QotW: Why do electric car batteries wear out?
Barry wrote in to ask 'What causes degradation in electric car batteries? And what are the upcoming developments in EV technology?'
Dr Chloe Coates from the University of Cambridge spoke to Evelyna Wang about the answers to this battery brain baffler...
Evelyna - The batteries that power your electric car are lithium ion batteries. How you use that car and its battery has an impact on its lifetime. Dr. Chloe Coates from the University of Cambridge is here to drive us to the bottom of this:
Chloe - For a consumer, let’s say an electric vehicle driver, there are 3 main considerations that impact battery degradation. These are the temperature of the system, state of charge (fully charged/discharged/in between), and the usage profile (how fast/slow charge/discharge).
Evelyna - When discharging a LiB, Li ions move from the negative graphite electrode to the positive cathode - which produces electrical energy we can use to power a car. And on charge, the Li ions are moved the opposite direction.
Chloe - On charge and discharge, both electrodes undergo large volume changes as the lithium is inserted or removed. This can cause stress on the particles and lead to cracking which exposes more surface area and loss of active material. (1:58) The graphite anodes are also affected by Li plating. At low temperatures or at fast rates, the Li can’t intercalate into the graphite layers fast enough so Li metal accumulates at the surface. (2:25) In extreme cases, the Li plates unevenly and forms dendrites which can short circuit the cell.
Evelyna - Another component of the LIBs is the liquid electrolyte, which conducts the Li ions in between the graphite to the cathode…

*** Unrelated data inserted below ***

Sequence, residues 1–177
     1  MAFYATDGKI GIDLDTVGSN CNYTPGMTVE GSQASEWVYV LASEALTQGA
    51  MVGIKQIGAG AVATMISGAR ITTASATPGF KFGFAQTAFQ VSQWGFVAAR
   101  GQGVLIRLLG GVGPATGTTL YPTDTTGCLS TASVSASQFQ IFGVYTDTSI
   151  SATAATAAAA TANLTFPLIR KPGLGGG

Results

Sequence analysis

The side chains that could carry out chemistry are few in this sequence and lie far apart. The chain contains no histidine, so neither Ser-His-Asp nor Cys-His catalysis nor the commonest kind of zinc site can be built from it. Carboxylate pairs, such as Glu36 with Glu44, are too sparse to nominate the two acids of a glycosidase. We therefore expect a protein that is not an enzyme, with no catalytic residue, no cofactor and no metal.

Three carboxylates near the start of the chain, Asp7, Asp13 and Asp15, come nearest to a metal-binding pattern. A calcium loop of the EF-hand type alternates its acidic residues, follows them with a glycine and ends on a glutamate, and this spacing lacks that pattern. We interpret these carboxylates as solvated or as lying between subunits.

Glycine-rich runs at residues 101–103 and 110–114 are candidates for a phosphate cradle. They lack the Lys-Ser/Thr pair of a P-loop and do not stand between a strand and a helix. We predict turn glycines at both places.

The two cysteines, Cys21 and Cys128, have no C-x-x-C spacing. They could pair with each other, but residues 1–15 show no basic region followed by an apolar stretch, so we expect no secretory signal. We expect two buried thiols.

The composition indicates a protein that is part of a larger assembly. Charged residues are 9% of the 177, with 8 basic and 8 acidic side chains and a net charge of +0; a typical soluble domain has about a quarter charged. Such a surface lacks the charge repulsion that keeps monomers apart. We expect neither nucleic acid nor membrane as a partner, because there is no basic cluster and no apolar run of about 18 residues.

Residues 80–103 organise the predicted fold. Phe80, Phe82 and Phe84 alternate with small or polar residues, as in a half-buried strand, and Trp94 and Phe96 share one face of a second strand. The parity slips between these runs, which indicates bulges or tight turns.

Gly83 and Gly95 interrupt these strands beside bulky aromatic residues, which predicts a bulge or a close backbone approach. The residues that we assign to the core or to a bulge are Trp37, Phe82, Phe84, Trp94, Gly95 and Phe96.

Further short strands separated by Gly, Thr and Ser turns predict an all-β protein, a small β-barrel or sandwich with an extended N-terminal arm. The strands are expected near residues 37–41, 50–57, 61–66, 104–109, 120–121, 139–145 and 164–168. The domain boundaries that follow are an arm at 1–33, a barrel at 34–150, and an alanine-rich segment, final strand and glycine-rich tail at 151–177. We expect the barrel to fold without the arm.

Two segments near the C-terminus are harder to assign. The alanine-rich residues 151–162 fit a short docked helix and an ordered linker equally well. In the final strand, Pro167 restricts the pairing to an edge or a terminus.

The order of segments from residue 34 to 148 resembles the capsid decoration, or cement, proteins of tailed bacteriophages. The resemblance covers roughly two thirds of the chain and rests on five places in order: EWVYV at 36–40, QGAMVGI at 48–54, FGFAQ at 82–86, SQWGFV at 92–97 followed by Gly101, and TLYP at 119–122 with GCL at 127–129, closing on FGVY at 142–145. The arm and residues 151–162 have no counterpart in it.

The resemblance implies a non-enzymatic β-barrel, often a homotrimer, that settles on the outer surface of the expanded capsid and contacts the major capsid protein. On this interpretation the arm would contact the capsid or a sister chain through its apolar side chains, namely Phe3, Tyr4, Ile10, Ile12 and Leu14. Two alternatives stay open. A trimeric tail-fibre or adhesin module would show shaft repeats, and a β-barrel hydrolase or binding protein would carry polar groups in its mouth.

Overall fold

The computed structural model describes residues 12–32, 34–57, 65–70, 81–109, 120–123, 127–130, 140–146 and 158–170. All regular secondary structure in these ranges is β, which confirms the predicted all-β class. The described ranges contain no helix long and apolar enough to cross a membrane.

Chloe - The molecules that make up the electrolyte can decompose at high voltages on cycling or on reaction with trace water in the system, and can in turn react with the surfaces of the particles. This can cause surface layers that can increase the resistance in a battery. (2:38) The degradation mechanisms described here are only a sample of degradation that can occur in a battery. The interplay between the mechanisms and the order in which they occur remains an important question…
Evelyna - So how do we improve on this?
Chloe - In most cases, moderation is key. (0:38) Perhaps more unexpectedly, more degradation happens at high states of charge or discharge. So ideally, you would want your car to charge extremely slowly and keep it at about 50% charged. But this isn’t practical when driving long distances and charging often… (2:57) Since we can’t wait 10 years to study the battery degradation in a car under typical usage, we instead mimic failure modes in the lab..and look at specific parts of the battery to try and understand what is happening.
Evelyna - So what’s next in battery technology? Research into the specific conditions and reactions that cause degradation will continue to help improve current LIB technology. Industry research is also focused on increasing safety or decreasing cost, such as the recently discussed LFP systems (although these chemistries would decrease how far you can drive your electric car). There is also ongoing research into solid electrolytes or moving beyond Li ions, however many of them need further study.